LOVER’S STATUE IN LONDON (Post No.5445)

 

 

Written by London Swaminathan

swami_48@yahoo.com

Date: 18  September 2018

 

Time uploaded in London – 11-16 am (British Summer Time)

 

Post No. 5445

Pictures shown here are taken by london swaminatha.

 

A few days back I was walking past this huge and famous statue of Lovers at the King’s Cross and St Pancrass station. Then I decided to take some pictures with my mobile camera and post it for you. I have been planning to take a picture of the statue for long. During my usual visit to nearby British Library, I entered the station and took the pictures. Next time you come to London don’t miss it. Here is the appreciation and criticism of the statue:-

 

NAME- LOVER’S STATUE

LOCATION- ST.PANCRSS INTERNATIONAL STATION

(ADJACENT  TO KING’S CROSS STATION)

 

SCULPTOR- PAUL DAY

HEIGHT- 30 FEET

WEIGHT- 20 TONNES

EXPENSE – ONE MILLION POUNDS

INSTALLATION DATE- OCTOBER 2007

WHAT DOES IT MEAN?

PAUL DAY’S WIFE CATHERINE (38 YEARS)  IS HALF-FRENCH. SO HE DECIDED TO  SHOW THAT IT IS THE MEETING POINT OF TWO CULTURES; THIS INTERNATIONAL STATION TAKES PASSENGERS IN TRAIN TO EUROPE VIA CHANNEL TUNNEL UNDER THE SEA WHICH DIVIDES FRANCE AND BRITAIN.

 

Paul Day says it remind one of the romance of travel. first he wanted to make it in a kissing posture and he dropped the idea later fearing criticism. I like the statue.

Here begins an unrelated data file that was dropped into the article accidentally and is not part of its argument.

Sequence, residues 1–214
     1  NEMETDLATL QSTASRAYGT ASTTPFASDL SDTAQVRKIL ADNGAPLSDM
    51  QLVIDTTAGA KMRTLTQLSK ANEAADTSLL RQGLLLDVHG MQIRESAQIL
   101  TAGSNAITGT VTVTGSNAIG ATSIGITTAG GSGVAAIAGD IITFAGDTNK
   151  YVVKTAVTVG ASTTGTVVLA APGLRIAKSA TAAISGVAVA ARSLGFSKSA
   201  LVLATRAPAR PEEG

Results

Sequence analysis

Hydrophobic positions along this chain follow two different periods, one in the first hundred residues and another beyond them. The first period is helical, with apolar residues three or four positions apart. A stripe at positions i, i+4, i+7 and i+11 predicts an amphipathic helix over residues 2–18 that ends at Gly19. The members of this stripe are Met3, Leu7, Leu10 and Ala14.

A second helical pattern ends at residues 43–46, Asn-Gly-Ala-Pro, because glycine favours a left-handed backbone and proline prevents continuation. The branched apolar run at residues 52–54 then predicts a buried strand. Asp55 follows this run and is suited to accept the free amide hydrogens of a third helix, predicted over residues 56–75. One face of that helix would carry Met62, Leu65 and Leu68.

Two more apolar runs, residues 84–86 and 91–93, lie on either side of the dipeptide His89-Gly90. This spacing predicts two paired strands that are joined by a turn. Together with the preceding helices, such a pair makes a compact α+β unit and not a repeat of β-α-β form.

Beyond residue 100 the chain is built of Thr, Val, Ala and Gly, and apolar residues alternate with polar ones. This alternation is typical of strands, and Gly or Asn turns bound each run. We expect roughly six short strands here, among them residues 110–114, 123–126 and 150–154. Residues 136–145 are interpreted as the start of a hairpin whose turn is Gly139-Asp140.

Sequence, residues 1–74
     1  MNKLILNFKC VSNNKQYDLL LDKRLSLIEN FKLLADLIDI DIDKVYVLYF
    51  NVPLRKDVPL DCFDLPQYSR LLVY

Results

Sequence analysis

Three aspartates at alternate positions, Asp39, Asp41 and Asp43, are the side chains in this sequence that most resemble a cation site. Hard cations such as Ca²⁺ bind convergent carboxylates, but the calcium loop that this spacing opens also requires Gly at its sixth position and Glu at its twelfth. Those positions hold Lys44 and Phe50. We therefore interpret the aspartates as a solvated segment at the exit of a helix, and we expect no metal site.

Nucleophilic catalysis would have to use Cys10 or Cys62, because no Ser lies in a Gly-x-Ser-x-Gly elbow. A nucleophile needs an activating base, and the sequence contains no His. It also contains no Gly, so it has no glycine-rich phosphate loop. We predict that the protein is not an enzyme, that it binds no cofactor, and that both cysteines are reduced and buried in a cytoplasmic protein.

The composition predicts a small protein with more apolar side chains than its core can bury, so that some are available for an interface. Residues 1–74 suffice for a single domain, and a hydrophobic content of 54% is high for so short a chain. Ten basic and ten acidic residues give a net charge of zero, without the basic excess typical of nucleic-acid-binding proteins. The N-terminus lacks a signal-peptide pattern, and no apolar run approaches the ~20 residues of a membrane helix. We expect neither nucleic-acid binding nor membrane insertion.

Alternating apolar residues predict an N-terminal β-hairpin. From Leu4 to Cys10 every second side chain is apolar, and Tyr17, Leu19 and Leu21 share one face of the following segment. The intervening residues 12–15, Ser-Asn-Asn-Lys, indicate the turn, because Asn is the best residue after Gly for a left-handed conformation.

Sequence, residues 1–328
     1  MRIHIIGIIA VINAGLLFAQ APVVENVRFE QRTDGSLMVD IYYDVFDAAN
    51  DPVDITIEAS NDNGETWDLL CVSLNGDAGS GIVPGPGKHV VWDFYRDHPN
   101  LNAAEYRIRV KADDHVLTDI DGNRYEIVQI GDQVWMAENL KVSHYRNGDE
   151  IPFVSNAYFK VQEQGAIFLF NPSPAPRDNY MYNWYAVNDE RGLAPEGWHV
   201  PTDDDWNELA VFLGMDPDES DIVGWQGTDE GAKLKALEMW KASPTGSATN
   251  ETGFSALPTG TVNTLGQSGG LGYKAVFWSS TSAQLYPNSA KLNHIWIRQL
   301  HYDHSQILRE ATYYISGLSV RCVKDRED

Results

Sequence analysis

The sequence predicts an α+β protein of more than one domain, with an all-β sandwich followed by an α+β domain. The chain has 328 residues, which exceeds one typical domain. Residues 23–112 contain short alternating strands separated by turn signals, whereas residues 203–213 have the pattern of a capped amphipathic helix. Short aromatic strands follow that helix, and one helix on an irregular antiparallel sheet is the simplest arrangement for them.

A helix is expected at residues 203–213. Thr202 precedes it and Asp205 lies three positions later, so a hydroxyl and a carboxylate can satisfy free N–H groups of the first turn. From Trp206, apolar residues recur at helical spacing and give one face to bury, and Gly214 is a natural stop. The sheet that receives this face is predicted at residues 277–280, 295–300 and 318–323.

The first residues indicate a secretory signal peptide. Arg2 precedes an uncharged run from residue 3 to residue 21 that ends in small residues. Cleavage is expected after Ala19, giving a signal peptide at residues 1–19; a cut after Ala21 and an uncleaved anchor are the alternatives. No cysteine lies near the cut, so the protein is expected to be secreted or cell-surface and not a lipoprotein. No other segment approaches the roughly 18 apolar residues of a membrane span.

EVENING STANDARD NEWS PAPER REPORTED ABOUT THE PROCESS OF MAKING THE STATUE:-

PAUL DAY began by creating small-scale clay models before constructing a full-size polystyrene copy at a studio in Chichester, West Sussex. Detailed plaster casts were sent to a foundry and turned into bronze then treated with chemicals and wax. St Pancras became Eurostar’s London terminal on 14 November,2007 when all services moved from Waterloo and 20 minutes is cut off journey times. Paris will be only 2 hours 15 minutes away, and Brussels 1 hour 51 minutes from this station.

 

CRITICISM

FOLLOWING IS A REPORT FROM THE INDEPENDENT NEWSPAPER

A 30 feet bronze statue of lovers embracing at St Pancras International railway station is a lesson in “how not to do” public art, a senior Royal Academy of Arts figure has claimed.

Tim Marlow was speaking as he unveiled a new, temporary installation at the London Eurostar terminal – a clock which will hang above the controversial lovers statue.

“Good public sculpture should seem effortless,” Mr Marlow said. “What you have here are two object lessons: one in how to do it, and the other how not to do it.”

Mr Marlow described the nearby lovers statue, The Meeting Place, as “terrible”.

“How not to do it – and with respect to the artist it’s a bad commission – is the sculpture of the two lovers,” he said. “It’s a terrible, schmaltzy, sentimental piece of kitsch.”

The statue has faced brickbats ever since it was unveiled in 2007 following a major renovation of the station.

Writer Will Self described it as “crappily kitsch” while Turner Prize-winning artist Jeremy Deller called it “barely a work of art”. And another critic recently called the statue “fatuous” adding it was “idiotic in scale, devoid of artistic life” and called for it to be melted down.

But the artist responsible, Paul Day, has consistently defended the piece, saying it evokes the romance of travel. He says he regularly receives messages from the public praising the piece.

 

 

–subham–

 

 

 

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